When people think about energy efficient lighting, they’re typically thinking about switching out light bulbs and retrofitting inefficient light fixtures.
However, sustainable lighting is more of a mindset than a simple effort to reduce watt consumption. It’s about challenging yourself to avoid wasting electricity.
The 100-watt frosted incandescent light bulb that is being phased out by is certainly less efficient than fluorescent and LED alternatives. But it’s important to remember the reason it’s not sustainable: Ninety percent of its energy is not used to create light at all; it’s released as heat. Therefore, we end up using even more electricity to offset the heat output. Sustainable lighting should do what it’s supposed to – create brilliant, beautiful light – without the waste.
The concept of using lighting controls to improve efficiency rarely enters the mainstream energy efficient lighting conversation. Rather, dimmers and other lighting controls are typically categorized as aesthetic additions.
Dimmers are inherently sustainable! They enable you reduce lighting levels to your needs, cutting out all unnecessary electricity. In fact, if each U.S. household installed one dimmer, it’s estimated we would reduce overall electricity costs by $230 million and cut down on CO2 emissions equivalent to that of 370,000 cars.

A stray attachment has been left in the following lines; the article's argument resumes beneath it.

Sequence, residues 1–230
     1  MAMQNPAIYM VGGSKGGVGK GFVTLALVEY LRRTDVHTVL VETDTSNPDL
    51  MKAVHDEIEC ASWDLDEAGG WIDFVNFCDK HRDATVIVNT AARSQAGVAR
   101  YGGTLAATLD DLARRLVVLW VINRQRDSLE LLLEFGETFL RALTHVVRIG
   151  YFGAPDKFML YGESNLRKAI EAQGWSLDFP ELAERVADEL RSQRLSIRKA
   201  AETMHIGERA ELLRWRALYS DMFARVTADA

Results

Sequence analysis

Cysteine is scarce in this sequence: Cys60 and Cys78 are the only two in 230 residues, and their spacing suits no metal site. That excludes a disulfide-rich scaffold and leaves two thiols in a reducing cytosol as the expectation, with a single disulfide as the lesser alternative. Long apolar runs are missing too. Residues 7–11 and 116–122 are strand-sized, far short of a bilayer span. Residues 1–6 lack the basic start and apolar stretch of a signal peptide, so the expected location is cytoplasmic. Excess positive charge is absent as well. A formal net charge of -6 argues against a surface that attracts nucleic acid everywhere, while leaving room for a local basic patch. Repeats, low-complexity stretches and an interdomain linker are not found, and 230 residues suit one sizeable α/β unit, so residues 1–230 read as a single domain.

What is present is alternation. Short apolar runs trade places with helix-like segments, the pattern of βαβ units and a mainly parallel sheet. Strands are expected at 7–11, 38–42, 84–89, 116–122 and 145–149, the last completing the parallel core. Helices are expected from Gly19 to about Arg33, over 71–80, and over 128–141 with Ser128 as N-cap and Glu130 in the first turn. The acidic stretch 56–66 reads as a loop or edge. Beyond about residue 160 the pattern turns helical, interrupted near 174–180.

Last November, at the Washington Post’s Smart Energy conference, Lighting Science Group CTO Fred Maxik discussed the changes he predicts for lighting in the future related to communication through microprocessors. “It could be a light bulb that’s just so smart that it detects sunlight coming through the window [and] starts dimming until you get the lighting you desire,” he said.
It’s easy to become focused on light source when thinking about greening a home. However, sophisticated lighting controls and dimmers will play just as large of a role in the future of sustainable lighting.
Emily Widle is a marketing specialist and blogger for Pegasus Lighting. On the “Light Reading” blog, she covers news, tips, and trends related to the lighting industry. She recently helped launch a lighting sustainability campaign called A Greener Light in an effort to start a dialogue about efficient lighting in the U.S.